South African Gold Krugerrand
Actual Gold Content: 1.0 troy ounce (31.103 grams)
(also minted in 1/2, 1/4, 1/10 troy ounce sizes)
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The first South African Gold Krugerrands were minted in 1967 as a gold bullion coins, the value of which was based upon the international spot price of the metal. The concept of a one ounce gold coin tied to spot gold's fluctuations quickly caught on. Nearly 50 million have been minted since 1967.
The Krugerrand is an alloyed coin at 22 karats, or .9167 purity. Denominated as one ounce of gold, it is struck with no face value indicated on the coin. Quite often contemporary investors purchasing Krugerrands are surprised to discover the coin they purchased bears a date other than the current year. This is testimony to the coin's duration as a market item and the strong secondary market it enjoys.
Featured on the coin's reverse is the springbok, a natural inhabitant of the dry savannahs able to run at speeds up to 80 km/hr and jump over 10 meters. The springbok is the icon of the national rugby team.
The Krugerrand was the first legal tender gold bullion coin to gain worldwide use in the modern era. To this day, many gold owners equate gold ownership with Krugerrand ownership. The Krugerrand as a bullion item received its first competition from the Canadian Maple Leaf, introduced in 1979. Eventually the Krugerrand was supplanted as the world's top seller -- in 1984 the U.S. Congress banned the import of the Krugerrand as part of the economic sanctions imposed on South Africa. The premium dropped to slightly-above the spot gold price and has only recently recovered in concert with the latest bull market rally in gold.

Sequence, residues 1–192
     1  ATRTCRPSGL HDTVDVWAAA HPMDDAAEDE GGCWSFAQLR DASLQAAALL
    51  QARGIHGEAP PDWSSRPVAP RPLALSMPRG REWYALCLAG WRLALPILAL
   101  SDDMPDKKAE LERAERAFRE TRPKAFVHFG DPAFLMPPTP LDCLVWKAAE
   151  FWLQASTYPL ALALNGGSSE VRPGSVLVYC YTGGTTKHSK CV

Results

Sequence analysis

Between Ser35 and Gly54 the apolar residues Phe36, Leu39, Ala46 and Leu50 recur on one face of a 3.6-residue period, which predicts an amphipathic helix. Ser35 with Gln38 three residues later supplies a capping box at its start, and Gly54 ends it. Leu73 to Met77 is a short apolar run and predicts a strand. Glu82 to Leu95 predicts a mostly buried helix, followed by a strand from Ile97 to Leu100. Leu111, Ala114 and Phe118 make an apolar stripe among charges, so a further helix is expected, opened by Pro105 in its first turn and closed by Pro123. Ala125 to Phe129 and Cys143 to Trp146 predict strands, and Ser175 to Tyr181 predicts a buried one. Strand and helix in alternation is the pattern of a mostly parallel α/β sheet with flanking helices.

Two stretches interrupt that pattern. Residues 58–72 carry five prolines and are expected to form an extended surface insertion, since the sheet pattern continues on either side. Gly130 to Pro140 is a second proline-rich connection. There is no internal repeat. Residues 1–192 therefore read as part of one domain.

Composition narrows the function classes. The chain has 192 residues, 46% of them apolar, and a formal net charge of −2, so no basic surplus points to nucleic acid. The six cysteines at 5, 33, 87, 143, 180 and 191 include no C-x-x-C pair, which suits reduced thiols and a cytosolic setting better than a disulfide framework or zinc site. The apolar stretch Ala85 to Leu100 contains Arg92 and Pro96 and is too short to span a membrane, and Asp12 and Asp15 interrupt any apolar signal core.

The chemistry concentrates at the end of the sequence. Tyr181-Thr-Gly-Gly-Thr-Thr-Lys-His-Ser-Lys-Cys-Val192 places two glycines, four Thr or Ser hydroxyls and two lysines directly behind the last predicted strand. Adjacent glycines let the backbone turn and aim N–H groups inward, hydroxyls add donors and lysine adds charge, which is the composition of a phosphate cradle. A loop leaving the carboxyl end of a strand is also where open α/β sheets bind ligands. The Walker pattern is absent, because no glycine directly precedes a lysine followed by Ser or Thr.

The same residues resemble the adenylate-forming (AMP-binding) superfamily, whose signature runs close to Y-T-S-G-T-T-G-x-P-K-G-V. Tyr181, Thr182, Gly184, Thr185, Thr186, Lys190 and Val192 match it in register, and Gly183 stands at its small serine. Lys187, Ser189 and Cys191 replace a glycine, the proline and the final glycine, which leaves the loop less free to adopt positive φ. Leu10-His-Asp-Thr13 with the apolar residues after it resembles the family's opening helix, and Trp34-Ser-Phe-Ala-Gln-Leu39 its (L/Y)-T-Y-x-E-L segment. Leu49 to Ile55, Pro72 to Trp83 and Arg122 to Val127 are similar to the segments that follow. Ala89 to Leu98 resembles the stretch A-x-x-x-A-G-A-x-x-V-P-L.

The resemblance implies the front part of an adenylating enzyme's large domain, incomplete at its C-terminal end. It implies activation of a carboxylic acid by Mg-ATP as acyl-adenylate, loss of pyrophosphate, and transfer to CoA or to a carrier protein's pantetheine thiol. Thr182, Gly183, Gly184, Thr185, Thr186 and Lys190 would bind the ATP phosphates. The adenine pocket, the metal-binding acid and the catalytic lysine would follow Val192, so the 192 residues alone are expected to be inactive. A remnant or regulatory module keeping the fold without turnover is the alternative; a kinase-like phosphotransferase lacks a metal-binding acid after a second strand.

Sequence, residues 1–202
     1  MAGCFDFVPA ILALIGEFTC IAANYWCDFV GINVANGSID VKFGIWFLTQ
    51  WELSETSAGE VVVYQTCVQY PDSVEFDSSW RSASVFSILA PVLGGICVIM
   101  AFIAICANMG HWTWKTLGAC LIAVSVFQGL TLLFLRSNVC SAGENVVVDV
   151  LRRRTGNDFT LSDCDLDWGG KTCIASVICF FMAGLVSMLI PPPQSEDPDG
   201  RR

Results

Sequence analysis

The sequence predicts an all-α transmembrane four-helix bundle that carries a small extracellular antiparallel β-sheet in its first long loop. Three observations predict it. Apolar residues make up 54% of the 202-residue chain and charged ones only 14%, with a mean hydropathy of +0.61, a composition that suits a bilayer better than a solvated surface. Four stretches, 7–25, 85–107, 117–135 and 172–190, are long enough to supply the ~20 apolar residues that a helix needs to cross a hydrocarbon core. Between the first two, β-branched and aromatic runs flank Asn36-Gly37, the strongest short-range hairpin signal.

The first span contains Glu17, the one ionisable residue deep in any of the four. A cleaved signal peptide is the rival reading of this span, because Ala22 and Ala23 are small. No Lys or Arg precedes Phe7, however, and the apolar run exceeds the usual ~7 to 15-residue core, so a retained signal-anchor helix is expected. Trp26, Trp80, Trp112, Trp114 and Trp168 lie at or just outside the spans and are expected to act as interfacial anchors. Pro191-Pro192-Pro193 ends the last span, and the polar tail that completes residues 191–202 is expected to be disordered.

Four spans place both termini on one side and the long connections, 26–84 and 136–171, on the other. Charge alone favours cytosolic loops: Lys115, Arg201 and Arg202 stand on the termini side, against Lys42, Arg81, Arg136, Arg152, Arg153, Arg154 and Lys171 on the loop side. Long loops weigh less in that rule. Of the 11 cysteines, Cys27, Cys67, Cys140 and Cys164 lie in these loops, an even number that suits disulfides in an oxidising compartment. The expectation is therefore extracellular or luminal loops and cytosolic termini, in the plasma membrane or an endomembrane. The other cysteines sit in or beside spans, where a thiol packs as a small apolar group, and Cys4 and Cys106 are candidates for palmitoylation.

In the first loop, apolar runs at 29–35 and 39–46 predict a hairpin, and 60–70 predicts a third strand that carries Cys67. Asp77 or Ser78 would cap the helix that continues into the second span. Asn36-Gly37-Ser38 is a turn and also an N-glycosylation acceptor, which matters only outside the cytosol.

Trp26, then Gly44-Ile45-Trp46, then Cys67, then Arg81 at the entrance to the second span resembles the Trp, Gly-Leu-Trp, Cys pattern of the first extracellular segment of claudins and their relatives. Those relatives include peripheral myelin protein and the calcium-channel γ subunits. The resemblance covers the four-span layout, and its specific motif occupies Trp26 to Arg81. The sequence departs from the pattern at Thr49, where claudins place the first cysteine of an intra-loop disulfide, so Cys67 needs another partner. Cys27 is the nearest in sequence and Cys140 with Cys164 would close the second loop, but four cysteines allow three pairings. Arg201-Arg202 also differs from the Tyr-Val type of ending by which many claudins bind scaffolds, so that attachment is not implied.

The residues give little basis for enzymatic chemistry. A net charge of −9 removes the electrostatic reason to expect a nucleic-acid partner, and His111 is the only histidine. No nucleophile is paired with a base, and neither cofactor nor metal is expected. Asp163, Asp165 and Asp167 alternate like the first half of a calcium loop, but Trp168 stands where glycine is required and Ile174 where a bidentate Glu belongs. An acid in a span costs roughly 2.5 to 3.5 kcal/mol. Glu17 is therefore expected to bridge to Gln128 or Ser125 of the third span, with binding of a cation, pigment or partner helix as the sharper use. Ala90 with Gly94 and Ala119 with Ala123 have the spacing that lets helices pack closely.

Historical Note: The history of South Africa is inextricably bound to gold. Since the time the metal was first discovered in the Transvaal by Alec "Wheelbarrow" Patterson in 1873, the international ebb and flow of gold's fortunes figured directly in the fortunes of South Africa itself. The two Boer Wars in the late 19th century, between Dutch (Afrikaners) and British settlers, were essentially territorial battles over the South African gold fields. Paul Kruger, whose portrait graces the obverse of the famed Krugerrand bullion gold coin, led the Afrikaners and in 1883 became the first president of the new South African Republic. At the end of the 19th century, the Second Boer War culminated in defeat of the Afrikaners resulting in British accession to sovereignty.
Shortly thereafter, the Union of South Africa became the largest gold producing country in the world -- a position it held for most of the 20th century with production at times accounting for as much as one-third the world's total output. Now, the South African mines, some of the deepest in the world, are in decline, and South Africa ranks as the world's seventh largest producer.